Louise Mansfield, Norma Daykin, Neil E. O'Connell, Daniel Bailey, Louise Forde, Robyn Smith, Jake Gifford, Garcia Ashdown‐Franks

A mixed methods systematic review on the effects of arts interventions for children and young people at‐risk of offending, or who have offended on behavioural, psychosocial, cognitive and offending outcomes: A systematic review

  • General Social Sciences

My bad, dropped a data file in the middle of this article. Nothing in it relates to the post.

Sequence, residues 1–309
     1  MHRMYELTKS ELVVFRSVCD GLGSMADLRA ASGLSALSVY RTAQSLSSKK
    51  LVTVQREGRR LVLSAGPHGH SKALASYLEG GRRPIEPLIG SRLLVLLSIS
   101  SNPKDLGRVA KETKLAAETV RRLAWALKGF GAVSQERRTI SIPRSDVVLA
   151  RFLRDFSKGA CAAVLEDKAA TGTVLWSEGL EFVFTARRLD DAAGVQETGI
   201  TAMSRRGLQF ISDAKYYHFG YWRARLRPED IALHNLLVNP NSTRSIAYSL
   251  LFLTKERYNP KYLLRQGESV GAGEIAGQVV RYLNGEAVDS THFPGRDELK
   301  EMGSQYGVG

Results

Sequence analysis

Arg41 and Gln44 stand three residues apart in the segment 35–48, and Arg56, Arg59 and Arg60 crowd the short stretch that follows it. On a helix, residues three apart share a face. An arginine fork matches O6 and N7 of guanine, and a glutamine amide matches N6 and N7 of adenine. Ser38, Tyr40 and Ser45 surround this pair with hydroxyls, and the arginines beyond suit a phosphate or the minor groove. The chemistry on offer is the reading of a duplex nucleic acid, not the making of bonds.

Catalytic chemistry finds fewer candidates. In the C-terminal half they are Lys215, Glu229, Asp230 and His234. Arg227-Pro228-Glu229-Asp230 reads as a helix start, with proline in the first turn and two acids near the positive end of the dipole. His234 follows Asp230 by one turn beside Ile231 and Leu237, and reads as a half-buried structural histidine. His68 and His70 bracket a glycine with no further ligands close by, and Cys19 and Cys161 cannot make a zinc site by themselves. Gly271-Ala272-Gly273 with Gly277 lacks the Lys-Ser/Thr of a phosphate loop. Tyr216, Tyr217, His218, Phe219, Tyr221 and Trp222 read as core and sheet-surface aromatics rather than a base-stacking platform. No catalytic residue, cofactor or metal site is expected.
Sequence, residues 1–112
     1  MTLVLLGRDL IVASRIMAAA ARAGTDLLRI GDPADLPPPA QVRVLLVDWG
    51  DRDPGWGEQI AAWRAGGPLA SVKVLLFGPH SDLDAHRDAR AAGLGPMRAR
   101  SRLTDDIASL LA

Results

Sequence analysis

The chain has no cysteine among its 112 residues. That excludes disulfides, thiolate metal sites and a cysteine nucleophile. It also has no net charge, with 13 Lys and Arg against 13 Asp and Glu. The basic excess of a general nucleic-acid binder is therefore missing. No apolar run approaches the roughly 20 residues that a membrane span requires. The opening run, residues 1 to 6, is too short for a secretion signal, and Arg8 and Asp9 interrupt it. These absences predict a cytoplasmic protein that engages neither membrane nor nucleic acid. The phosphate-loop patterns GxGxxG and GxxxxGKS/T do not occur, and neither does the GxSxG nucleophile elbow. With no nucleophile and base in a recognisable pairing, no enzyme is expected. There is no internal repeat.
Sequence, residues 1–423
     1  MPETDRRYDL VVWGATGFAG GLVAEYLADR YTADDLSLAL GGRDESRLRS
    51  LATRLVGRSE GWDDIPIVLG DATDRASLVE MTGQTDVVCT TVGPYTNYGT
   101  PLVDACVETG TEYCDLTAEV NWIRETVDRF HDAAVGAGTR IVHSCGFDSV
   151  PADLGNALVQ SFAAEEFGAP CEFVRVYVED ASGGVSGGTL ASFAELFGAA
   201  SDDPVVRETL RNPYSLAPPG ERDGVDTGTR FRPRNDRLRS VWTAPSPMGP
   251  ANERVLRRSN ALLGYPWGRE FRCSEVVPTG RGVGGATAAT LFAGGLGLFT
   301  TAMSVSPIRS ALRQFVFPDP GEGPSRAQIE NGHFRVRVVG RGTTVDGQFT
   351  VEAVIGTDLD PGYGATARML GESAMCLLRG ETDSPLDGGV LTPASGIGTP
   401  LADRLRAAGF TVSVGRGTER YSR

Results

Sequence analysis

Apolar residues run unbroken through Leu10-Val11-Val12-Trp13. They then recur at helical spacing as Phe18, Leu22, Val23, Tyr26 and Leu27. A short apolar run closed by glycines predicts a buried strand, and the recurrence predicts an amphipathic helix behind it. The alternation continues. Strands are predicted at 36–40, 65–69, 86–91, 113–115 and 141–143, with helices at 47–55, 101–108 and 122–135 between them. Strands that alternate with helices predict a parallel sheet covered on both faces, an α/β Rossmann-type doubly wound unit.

AbstractBackgroundYoung people who enter the justice system experience complex health and social needs, and offending behaviour is increasingly recognised as a public health problem. Arts interventions can be used with the aim of preventing or reducing offending or reoffending.Objectives1. To evaluate evidence on the effectiveness and impact of arts interventions on keeping children and young people safe from involvement in violence and crime. 2. To explore factors impacting the implementation of arts interventions, and barriers and facilitators to participation and achievement of intended outcomes. 3. To develop a logic model of the processes by which arts interventions might work in preventing offending behaviours.Search MethodsWe searched AMED, Academic Search Complete; APA PsycInfo; CINAHL Plus; ERIC; SocIndex; SportDiscus, Medline, CENTRAL, Web of Science, Scopus, PTSDPubs and Performing Arts Periodicals Database, Sage, the US National Criminal Justice Reference Service, the Global Policing and British Library EThOS databases, and the National Police Library from inception to January 2023 without language restrictions.Selection CriteriaWe included randomised and non‐randomised controlled trials and quasi‐experimental study designs. We included qualitative studies conducted alongside intervention trials investigating experiences and perceptions of participants, and offering insight into the barriers and facilitators to delivering and receiving arts interventions. We included qualitative and mixed methods studies focused on delivery of arts interventions. We included studies from any global setting. We included studies with CYP (8–25 years) who were identified as at‐risk of offending behaviour (secondary populations) or already in the criminal justice system (tertiary populations). We included studies of interventions involving arts participation as an intervention on its own or alongside other interventions. Primary outcomes were: (i) offending behaviour and (ii) anti‐pro‐social behaviours. Secondary outcomes were: participation/attendance at arts interventions, educational attainment, school attendance and engagement and exclusions, workplace engagement, wellbeing, costs and associated economic outcomes and adverse events.Data Collection and AnalysisWe included 43 studies (3 quantitative, 38 qualitative and 2 mixed methods). We used standard methodological procedures expected by The Campbell Collaboration. We used GRADE and GRADE CERQual to assess the certainty of and confidence in the evidence for quantitative and qualitative data respectively.Main ResultsWe found insufficient evidence from quantitative studies to support or refute the effectiveness of arts interventions for CYP at‐risk of or who have offended for any outcome. Qualitative evidence suggested that arts interventions may lead to positive emotions, the development of a sense of self, successful engagement in creative practices, and development of positive personal relationships. Arts interventions may need accessible and flexible delivery and are likely to be engaging if they have support from staff, family and community members, are delivered by professional artists, involve culturally relevant activity, a youth focus, regularity and a sustainable strategy. We found limited evidence that a lack of advocacy, low funding, insufficient wider support from key personnel in adjacent services could act as barriers to success. Methodological limitations resulted in a judgement of very low confidence in these findings.Authors' ConclusionsWe found insufficient evidence from quantitative studies to support or refute the effectiveness of arts interventions for CYP at‐risk of offending or who have offended for any outcome. We report very low confidence about the evidence for understanding the processes influencing the successful design and delivery of arts interventions in this population of CYP and their impact on behavioural, psychosocial, cognitive and offending outcomes.

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